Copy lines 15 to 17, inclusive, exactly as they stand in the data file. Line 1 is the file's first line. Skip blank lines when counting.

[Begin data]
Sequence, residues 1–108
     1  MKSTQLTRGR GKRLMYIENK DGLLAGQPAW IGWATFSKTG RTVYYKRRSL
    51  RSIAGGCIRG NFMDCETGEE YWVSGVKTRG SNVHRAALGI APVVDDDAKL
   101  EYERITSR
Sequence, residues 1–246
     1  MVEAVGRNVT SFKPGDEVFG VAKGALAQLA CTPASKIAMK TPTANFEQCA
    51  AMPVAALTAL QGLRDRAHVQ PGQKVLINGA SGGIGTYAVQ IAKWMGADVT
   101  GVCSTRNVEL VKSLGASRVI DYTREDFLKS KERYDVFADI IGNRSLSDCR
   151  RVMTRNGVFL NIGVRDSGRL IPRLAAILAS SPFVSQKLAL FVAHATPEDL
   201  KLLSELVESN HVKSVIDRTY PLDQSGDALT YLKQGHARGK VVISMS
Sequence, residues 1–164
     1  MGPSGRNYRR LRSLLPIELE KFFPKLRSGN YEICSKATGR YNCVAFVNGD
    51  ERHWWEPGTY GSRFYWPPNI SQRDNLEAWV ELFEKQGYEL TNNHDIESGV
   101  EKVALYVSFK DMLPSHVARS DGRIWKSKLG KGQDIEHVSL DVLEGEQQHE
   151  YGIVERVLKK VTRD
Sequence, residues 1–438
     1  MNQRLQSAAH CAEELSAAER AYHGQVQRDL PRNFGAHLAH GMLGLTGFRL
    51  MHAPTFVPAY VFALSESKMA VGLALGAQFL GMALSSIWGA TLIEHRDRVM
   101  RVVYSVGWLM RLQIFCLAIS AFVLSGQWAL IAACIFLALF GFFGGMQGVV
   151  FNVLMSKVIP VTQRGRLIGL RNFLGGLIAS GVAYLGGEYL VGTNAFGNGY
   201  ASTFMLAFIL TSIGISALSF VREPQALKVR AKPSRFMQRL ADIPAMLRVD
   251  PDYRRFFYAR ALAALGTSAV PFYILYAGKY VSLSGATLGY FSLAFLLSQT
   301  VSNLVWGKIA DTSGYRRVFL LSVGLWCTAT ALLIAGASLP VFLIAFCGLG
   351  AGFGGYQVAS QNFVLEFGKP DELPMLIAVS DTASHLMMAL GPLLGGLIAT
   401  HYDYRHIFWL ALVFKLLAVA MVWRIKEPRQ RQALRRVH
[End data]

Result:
   151  YGIVERVLKK VTRD
Sequence, residues 1–438
     1  MNQRLQSAAH CAEELSAAER AYHGQVQRDL PRNFGAHLAH GMLGLTGFRL